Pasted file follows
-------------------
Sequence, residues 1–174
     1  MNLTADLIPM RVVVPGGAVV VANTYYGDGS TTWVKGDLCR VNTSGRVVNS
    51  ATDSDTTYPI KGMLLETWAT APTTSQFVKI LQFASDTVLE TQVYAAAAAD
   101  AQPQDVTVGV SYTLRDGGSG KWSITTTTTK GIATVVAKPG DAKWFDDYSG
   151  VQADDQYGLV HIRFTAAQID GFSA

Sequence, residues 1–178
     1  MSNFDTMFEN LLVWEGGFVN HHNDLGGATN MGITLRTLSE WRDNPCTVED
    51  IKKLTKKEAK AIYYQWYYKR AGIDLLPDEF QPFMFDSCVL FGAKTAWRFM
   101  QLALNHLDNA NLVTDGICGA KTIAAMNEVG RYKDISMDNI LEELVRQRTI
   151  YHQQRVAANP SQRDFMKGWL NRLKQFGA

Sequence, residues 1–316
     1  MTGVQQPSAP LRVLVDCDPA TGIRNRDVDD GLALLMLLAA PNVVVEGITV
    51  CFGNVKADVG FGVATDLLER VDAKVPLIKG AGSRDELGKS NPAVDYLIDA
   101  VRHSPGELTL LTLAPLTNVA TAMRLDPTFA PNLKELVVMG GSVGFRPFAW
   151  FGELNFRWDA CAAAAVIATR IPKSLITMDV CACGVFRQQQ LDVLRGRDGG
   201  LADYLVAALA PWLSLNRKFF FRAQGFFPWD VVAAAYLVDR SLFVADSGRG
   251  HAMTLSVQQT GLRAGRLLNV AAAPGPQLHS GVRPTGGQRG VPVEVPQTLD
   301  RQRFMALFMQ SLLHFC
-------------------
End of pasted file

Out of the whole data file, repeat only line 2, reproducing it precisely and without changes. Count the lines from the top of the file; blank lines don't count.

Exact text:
     1  MNLTADLIPM RVVVPGGAVV VANTYYGDGS TTWVKGDLCR VNTSGRVVNS